Seismic waves are helping scientists to plumb the world’s deepest mystery: the planet’s inner core.
Thanks to a novel application of earthquake-reading technology, a research team at the University of Illinois and colleagues at Nanjing University in China have found that the Earth’s inner core has an inner core of its own, which has surprising properties that could reveal information about our planet.
Led by Xiaodong Song, a professor of geology at the U. of I., and visiting postdoctoral researcher Tao Wang, the team published its work in the journal Nature Geoscience on Feb. 9.
“Even though the inner core is small — smaller than the moon — it has some really interesting features,” said Song. “It may tell us about how our planet formed, its history, and other dynamic processes of the Earth. It shapes our understanding of what’s going on deep inside the Earth.”
Researchers use seismic waves from earthquakes to scan below the planet’s surface, much like doctors use ultrasound to see inside patients. The team used a technology that gathers data not from the initial shock of an earthquake, but from the waves that resonate in the earthquake’s aftermath. The earthquake is like a hammer striking a bell; much like a listener hears the clear tone that resonates after the bell strike, seismic sensors collect a coherent signal in the earthquake’s coda.
“It turns out the coherent signal enhanced by the technology is clearer than the ring itself,” said Song. “The basic idea of the method has been around for a while, and people have used it for other kinds of studies near the surface. But we are looking all the way through the center of the Earth.”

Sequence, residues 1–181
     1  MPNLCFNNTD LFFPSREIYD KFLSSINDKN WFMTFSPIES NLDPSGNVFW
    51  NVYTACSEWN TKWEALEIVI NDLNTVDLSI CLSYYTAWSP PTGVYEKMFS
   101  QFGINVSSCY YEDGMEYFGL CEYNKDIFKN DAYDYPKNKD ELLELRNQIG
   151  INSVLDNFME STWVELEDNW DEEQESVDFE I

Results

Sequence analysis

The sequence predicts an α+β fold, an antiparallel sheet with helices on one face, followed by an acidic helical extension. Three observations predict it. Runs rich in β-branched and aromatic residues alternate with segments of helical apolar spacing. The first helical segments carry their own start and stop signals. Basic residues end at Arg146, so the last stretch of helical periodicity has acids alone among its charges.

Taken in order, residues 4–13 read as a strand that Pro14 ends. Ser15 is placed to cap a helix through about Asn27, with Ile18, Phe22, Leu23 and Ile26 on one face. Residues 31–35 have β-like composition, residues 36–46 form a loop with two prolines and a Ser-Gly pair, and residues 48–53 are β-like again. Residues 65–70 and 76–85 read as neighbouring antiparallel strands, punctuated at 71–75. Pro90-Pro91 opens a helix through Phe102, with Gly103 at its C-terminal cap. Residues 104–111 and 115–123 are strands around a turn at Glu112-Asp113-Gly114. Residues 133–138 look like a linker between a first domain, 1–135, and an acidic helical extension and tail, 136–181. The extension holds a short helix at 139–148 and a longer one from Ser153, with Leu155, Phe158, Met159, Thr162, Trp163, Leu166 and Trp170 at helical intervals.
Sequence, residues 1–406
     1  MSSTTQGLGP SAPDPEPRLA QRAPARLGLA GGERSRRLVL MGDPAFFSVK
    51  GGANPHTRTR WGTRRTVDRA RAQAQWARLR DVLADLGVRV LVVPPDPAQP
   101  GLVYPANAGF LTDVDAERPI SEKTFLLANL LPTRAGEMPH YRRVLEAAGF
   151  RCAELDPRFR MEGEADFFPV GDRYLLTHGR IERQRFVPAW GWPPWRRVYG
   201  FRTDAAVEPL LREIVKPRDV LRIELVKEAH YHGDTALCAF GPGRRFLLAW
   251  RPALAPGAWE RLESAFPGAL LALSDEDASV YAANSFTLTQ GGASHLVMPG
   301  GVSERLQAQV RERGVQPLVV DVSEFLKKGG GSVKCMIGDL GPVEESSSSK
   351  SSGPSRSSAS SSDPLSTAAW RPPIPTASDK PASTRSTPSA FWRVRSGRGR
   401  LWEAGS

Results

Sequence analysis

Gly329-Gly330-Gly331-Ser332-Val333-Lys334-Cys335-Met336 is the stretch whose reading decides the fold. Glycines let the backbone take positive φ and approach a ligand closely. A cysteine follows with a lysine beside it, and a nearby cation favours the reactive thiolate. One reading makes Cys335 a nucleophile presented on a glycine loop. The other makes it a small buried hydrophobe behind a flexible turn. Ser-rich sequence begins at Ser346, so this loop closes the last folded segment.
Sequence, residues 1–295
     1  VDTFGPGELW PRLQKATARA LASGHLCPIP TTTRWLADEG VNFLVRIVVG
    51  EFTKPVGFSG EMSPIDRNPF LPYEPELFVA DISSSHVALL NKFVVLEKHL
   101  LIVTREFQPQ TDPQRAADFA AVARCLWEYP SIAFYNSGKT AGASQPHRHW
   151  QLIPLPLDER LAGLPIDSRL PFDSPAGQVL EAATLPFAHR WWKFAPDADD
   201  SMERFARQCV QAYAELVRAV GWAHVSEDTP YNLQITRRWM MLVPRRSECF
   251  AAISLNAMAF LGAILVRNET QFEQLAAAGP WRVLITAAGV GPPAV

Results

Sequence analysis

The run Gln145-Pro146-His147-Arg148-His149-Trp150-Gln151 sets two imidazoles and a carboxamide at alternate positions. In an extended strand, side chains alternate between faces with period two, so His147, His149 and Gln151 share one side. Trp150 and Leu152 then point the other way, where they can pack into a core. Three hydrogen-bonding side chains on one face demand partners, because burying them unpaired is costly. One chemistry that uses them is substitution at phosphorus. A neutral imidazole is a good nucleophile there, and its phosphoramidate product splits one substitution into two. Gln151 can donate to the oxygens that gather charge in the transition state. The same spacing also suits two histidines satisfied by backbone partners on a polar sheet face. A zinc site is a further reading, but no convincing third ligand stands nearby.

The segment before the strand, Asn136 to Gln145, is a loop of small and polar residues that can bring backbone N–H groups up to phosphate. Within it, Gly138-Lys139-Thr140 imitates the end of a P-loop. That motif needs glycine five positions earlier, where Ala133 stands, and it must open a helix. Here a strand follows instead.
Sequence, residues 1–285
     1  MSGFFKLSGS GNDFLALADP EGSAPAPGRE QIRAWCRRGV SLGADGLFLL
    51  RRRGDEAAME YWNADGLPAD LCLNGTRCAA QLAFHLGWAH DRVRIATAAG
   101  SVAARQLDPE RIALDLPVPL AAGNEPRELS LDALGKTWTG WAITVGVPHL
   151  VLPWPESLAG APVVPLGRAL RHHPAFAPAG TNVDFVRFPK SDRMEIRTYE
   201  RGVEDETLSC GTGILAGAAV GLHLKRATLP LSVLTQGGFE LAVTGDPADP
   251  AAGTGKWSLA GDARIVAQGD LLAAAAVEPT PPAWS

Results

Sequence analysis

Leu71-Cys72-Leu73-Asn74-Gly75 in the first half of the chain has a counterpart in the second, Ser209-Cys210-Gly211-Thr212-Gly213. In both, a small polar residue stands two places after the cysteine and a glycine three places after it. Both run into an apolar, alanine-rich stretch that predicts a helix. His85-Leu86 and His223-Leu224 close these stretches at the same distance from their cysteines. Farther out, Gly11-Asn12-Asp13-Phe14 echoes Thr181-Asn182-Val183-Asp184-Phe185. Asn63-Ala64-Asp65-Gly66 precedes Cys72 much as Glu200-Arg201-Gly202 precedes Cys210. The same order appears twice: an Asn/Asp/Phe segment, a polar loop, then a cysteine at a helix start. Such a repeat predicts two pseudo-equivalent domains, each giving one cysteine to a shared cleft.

Looking through the core revealed a surprise at the center of the planet — though not of the type envisioned by novelist Jules Verne.
The inner core, once thought to be a solid ball of iron, has some complex structural properties. The team found a distinct inner-inner core, about half the diameter of the whole inner core. The iron crystals in the outer layer of the inner core are aligned directionally, north-south. However, in the inner-inner core, the iron crystals point roughly east-west.
Not only are the iron crystals in the inner-inner core aligned differently, they behave differently from their counterparts in the outer-inner core. This means that the inner-inner core could be made of a different type of crystal, or a different phase.
“The fact that we have two regions that are distinctly different may tell us something about how the inner core has been evolving,” Song said. “For example, over the history of the Earth, the inner core might have had a very dramatic change in its deformation regime. It might hold the key to how the planet has evolved. We are right in the center — literally, the center of the Earth.”
Xiaodong Song et al. Equatorial anisotropy in the inner part of Earth’s inner core from autocorrelation of earthquake coda. Nature Geoscience, Feb 9, 2015, Doi:10.1038/ngeo2354